Behavioral Interview Questions

Updated on January 4, 2024
Article byPriya Choubey
Edited byRashmi Kulkarni
Reviewed byDheeraj Vaidya, CFA, FRM

What Are Behavioral Interview Questions?

Behavioral Interview Questions refer to a set of questions put forth to candidates to evaluate their past behavior in specific situations. These questions are designed to assess the skills, abilities, and suitability of a candidate for a job based on the real-life experiences and responses they give during such interviews.

Behavioral Interview Questions

You are free to use this image on your website, templates, etc, Please provide us with an attribution linkHow to Provide Attribution?Article Link to be Hyperlinked
For eg:
Source: Behavioral Interview Questions (wallstreetmojo.com)

Employers seek answers to these questions to gauge the way candidates handle challenges, solve problems, manage conflicts, and work with teams. Interviewers want to understand whether a job aspirant responds to a stressful situation positively or negatively. By analyzing a candidate’s past behavior, employers can make informed decisions about their future performance and ascertain if they are a cultural fit for the organization.

Key Takeaways

  • Behavioral interview questions come from interviewers interested in evaluating a candidate’s skills through past experiences. 
  • Through such interview questions, interviewers interpret a candidate’s soft skills and their ability to handle stressful situations. They also ascertain a candidate’s ability to address problems, work with teams, resolve conflicts, and achieve the required goals.
  • The best way to answer behavioral questions is to listen and understand them carefully and then frame responses using the Situation, Task, Action, and Result (STAR) method.
  • A candidate’s goal is to showcase their abilities while demonstrating favorable behavior when facing different challenging or complex situations. Hence, providing specific, concise, and well-structured answers to behavioral questions usually makes a strong impression on the interviewer/s.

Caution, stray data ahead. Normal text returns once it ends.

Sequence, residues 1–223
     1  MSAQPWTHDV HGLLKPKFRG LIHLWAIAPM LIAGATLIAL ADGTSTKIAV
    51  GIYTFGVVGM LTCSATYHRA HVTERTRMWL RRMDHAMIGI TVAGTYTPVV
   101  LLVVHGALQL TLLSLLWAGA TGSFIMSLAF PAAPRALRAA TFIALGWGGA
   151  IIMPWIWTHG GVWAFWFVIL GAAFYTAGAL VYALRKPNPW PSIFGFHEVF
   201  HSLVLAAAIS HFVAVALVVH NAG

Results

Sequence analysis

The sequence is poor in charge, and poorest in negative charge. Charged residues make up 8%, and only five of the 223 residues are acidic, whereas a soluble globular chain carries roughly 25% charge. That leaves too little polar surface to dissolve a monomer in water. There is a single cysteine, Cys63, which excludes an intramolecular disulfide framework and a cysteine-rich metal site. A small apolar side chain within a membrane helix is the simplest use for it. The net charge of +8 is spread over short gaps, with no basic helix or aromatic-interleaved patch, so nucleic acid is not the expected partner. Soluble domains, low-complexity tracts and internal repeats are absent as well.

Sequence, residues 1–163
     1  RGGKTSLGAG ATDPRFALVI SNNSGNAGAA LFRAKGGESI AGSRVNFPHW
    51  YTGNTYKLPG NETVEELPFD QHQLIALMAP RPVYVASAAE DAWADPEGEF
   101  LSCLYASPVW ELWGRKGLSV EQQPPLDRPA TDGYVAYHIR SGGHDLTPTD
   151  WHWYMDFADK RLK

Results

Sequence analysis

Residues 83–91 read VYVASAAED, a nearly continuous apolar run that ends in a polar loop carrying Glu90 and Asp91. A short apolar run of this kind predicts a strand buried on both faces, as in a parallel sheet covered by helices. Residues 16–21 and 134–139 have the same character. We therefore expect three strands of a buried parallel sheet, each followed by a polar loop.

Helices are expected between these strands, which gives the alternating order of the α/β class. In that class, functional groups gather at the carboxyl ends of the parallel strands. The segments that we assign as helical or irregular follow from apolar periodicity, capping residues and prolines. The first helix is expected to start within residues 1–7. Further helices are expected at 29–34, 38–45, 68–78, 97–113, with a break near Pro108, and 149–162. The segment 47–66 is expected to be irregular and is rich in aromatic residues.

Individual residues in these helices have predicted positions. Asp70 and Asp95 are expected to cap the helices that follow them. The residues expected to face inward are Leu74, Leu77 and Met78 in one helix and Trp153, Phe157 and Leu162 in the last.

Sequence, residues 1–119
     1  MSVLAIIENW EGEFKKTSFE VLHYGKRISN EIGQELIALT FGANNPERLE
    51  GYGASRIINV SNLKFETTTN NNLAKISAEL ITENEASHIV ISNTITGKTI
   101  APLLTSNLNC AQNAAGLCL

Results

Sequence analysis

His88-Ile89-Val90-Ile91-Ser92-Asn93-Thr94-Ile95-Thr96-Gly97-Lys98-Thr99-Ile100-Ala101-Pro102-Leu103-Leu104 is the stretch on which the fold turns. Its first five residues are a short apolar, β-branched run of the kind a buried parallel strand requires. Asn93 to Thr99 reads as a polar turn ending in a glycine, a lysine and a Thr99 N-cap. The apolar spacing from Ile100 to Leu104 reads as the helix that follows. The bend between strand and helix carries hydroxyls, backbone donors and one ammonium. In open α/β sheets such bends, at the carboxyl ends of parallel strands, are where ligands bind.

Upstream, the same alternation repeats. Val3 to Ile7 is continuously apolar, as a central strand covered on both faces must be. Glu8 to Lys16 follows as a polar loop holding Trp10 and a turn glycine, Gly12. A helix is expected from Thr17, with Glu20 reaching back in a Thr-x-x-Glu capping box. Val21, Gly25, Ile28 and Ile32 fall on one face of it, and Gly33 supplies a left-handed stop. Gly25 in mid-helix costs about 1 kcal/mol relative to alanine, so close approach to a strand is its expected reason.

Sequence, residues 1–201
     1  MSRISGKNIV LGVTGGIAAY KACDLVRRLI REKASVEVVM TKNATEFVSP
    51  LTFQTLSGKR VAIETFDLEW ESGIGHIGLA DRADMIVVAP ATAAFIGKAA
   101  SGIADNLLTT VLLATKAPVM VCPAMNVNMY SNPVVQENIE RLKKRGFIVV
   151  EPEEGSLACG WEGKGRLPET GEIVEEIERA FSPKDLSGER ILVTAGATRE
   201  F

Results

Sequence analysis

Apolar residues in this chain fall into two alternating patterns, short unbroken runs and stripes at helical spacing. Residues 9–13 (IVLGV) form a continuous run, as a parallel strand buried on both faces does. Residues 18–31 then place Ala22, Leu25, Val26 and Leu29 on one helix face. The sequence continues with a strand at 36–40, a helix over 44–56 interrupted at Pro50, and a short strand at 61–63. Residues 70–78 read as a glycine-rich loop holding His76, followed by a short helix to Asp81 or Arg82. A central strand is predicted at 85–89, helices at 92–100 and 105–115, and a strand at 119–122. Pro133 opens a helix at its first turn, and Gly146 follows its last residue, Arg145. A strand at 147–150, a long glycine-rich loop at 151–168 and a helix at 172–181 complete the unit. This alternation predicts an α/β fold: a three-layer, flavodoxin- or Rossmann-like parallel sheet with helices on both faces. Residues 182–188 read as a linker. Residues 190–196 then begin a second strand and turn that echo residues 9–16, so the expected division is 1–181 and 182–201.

Behavioral Interview Questions Explained

Behavioral interview questions are devised to understand how a candidate handled a specific situation in the past. This is because past situations can indicate their abilities, soft skills, and traits. Candidates are expected to provide specific examples from their past experiences.

By asking these real-life questions, employers can gain insights into a candidate’s problem-solving skills, teamwork abilities, communication aptitude, and manner of addressing difficult situations.

Common categories of behavioral interview questions and answers include those focusing on problem-solving, teamwork, leadership, adaptability, conflict resolution, time management, and communication. Interviewers use these questions to understand a candidate’s experiences and behaviors, offering insights into their future performance in a specific role.

These questions are asked in interviews held for various sectors and job roles. They are especially relevant to jobs that require strong interpersonal skills, teamwork, leadership, problem-solving, and adaptability. Some examples of such job roles include customer service representatives, sales and marketing executives, managers, supervisors, human resource executives, project managers, finance executives, advisors, teachers and educators, and healthcare professionals.

While both hard and soft skills can be evaluated in behavioral interviews, the questions typically focus on soft skills because it is challenging to quantify these abilities. The information gathered through such interviews can be used to make sound hiring decisions, ensuring that the right candidate is selected for the job in question.

Financial Modeling & Valuation Courses Bundle (25+ Hours Video Series)

–>> If you want to learn Financial Modeling & Valuation professionally , then do check this ​Financial Modeling & Valuation Course Bundle​ (25+ hours of video tutorials with step by step McDonald’s Financial Model). Unlock the art of financial modeling and valuation with a comprehensive course covering McDonald’s forecast methodologies, advanced valuation techniques, and financial statements.

How To Answer?

One must adopt a structured approach to answer behavioral interview questions effectively. Some ways to answer these questions include: